Humans Help Computers Spot Bursts from Space
The ThunderKAT radio survey keeps constant tabs on objects, such as accreting black holes and magnetized neutron stars, that are known to exhibit big, sporadic changes in their radio flux. The survey also searches for new transient sources. Finding them is primarily done by computer algorithms, but given how good humans are at pattern recognition, the ThunderKAT team wondered if human volunteers could find new transients more effectively. The answer is yes. In a trial that lasted three months, 1000 volunteers discovered 142 new transients . The effort could inform how future transient surveys should be conducted.
Astronomers have cataloged many types of transients, from x-ray bursters to cataclysmic variables. The variability of these objects arises from explosive, out-of-equilibrium processes under extreme conditions. To better understand these processes, the ThunderKAT team studies transient phenomena in the Southern Sky using MeerKAT, an array of 64 radio telescopes located at a remote site in South Africa’s arid interior. When MeerKAT points at a known transient, ThunderKAT’s algorithms search for other point sources in the array’s 1° × 1° field. If the algorithms find a new transient, the computer program then sifts through archive data to see if radio signals have been observed from the source location during previous MeerKAT observations. If so, the program assembles a light curve, which is a record of the radio flux over time. Whether the new source is classified as a transient depends on how it scores with respect to two variability statistics: , which sums over the flux variations with respect to mean, and V, which divides the standard deviation by the mean flux.
The algorithms have identified many new transients, but the team decided to have humans look through some of the data to check whether any objects might have been missed. The data used in the trial extended over two years and came from weekly observations of 11 known transient sources. Within a three-month window, human volunteers evaluated candidates on the citizen science platform Zooniverse. For each candidate, the volunteers faced two tasks. The first was to look at an image and determine if the source in the center was a point source. (Extended sources are outside ThunderKAT’s remit.) The second task was to look at the corresponding light curve and evaluate whether the variability it embodied was significant.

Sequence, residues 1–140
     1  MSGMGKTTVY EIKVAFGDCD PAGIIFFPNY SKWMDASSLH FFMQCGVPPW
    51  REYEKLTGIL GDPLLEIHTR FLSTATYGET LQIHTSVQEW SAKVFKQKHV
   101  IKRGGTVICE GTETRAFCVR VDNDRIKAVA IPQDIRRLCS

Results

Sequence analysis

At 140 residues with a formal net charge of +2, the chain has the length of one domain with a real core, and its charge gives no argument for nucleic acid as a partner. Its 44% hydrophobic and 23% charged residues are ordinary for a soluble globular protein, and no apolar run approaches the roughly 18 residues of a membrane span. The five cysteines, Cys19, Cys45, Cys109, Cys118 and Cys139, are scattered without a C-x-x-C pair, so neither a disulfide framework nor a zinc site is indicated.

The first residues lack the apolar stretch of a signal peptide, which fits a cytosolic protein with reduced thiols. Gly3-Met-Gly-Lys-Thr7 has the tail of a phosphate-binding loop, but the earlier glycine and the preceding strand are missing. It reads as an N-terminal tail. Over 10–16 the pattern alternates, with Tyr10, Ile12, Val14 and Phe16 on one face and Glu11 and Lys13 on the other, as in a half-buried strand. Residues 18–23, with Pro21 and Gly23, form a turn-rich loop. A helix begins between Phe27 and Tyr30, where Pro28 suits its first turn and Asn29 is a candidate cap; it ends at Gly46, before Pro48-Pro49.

The volunteers found the 168 sources that ThunderKAT’s algorithms had already flagged as transient. But they also found 142 more that the algorithms had missed. Those sources turned out to have values of and V that were insufficiently extreme to trigger selection by the algorithms. Humans, it seems, were better at recognizing the normal variability of faint sources.
Astronomer and citizen science proponent Lucy Fortson of the University of Minnesota, Twin Cities, points out that it’s not just pattern recognition that humans excel at. “Humans also need less training data for recognizing patterns,” she says. “They also generalize better and can recognize more readily patterns ‘out of class.’”
Some of the newly discovered sources turned out to have counterparts that had been observed before by other facilities at other wavelengths. One of them is the red supergiant star OH 30.1–0.7, whose radio emission comes from radiationally pumped hydroxyl radicals in the star’s strong wind. The variability of the radio emission suggests that OH 30.1–0.7 could have a binary companion, but other explanations remain in play.
Observations by the 24-inch MeerLICHT optical telescope, which is co-located with MeerKAT, suggest that the majority of the citizen science identifications are active galactic nuclei. The observed variability of these objects on timescales of months to years is likely not intrinsic. Rather, it arises from a more prosaic effect: refractive interstellar scintillation—twinkling—caused by the passage of extragalactic radio waves through the Milky Way’s turbulent interstellar medium.
Even if only a fraction of the new sources are found to be genuine transients, the ThunderKAT team can use the citizen science findings to tweak their algorithms. In addition, one of MeerKAT’s original goals is to test technologies for the similar, but much larger, Square Kilometre Array (SKA), whose 1000 antennas are expected to start gathering data in 2027. The researchers conclude that the success of ThunderKAT’s citizen science project will improve not only MeerKAT’s data-crunching algorithms but also SKA’s.
Charles Day is a Senior Editor for Physics Magazine.
- A. Andersson et al., “Bursts from Space: MeerKAT - The first citizen science project dedicated to commensal radio transients,” arXiv:2304.14157; Mon. Not. R. Astron. Soc. (to be published).